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The Story of Iron John

In your journey through leadership, have you found your golden hair?

I was teaching at a conference recently. With me were eight men who were all running fairly successful mid-sized companies that were generating at least $10M in revenue.  So they were all accomplished people.

I was teaching them the concept of “who is a rich person?” through my executive coaching services program. The way I taught them was by asking who among them could see the things that really give them happiness and freedom and power.  We spent time being present to the moment, and I kept asking them what they could experience and what their experience was as part of their executive leadership development.

Some of them were so occupied with the voice in their head that they couldn’t be present to the moment at all. They felt myopic. And others were distracted by things they were worried about.  But some really felt the air on their face, the sun, the song of birds, and they felt so much joy.

The lesson was that joy and peace and power come from spiritual things, like love, beauty, honor and sacrifice.  It’s our ability or capacity to access those spiritual things that make us truly rich. And the beauty of this is that the true riches of life are available to everyone, not just to the people who have money. They are equally available to the people who are poor. Whoever has eyes to see and ears to hear, can be infinitely rich.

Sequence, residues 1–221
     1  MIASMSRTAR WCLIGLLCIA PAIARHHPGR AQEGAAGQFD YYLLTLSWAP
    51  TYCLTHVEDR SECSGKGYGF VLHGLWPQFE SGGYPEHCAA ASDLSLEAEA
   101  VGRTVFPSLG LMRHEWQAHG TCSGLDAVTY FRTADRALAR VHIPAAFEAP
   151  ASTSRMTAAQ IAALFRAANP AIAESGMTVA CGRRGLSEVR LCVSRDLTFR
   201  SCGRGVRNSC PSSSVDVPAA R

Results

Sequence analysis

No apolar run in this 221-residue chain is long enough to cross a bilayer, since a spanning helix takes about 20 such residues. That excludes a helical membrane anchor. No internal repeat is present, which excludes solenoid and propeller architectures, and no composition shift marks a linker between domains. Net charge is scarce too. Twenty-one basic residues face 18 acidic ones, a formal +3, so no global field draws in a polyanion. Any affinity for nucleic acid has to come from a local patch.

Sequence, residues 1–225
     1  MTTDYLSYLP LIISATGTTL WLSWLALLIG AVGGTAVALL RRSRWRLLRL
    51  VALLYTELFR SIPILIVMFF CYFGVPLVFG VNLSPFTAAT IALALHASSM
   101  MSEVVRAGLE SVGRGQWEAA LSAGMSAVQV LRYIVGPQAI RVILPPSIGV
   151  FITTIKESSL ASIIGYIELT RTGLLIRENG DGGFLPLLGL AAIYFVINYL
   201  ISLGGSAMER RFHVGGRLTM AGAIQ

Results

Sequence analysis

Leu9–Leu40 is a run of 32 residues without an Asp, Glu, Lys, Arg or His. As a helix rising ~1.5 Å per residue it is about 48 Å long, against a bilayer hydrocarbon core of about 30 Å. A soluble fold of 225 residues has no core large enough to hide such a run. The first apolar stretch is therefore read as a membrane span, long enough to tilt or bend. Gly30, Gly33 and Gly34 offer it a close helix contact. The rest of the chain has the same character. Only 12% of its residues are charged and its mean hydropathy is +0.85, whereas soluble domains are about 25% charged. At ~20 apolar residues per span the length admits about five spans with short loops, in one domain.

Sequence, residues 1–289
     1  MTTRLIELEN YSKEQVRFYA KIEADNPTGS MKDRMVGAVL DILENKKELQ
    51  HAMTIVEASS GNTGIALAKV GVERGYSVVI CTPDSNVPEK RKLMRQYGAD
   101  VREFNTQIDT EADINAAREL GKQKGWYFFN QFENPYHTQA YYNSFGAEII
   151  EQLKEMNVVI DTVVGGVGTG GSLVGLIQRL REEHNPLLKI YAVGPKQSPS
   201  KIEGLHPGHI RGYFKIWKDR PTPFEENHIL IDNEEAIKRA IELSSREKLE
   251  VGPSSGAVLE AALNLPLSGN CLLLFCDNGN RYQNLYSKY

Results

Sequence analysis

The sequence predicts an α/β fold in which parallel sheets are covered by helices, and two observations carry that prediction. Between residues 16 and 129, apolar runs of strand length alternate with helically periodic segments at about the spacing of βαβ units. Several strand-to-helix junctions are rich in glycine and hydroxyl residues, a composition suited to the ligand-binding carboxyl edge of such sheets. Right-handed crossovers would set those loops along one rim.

I strive to relate my teachings with stories, as I have with past blogs focused on leadership. To help them understand, I told the story of Iron John.


Once upon a time there was a kingdom.  That kingdom had a vast forest.  Nobody ever went into that forest because it was so big.  One day, a man set off to explore the forest, and he didn’t come back. The neighbors went to look for him, and they didn’t come back.  The king sent send troops down to find out what was happening, and they didn’t come back.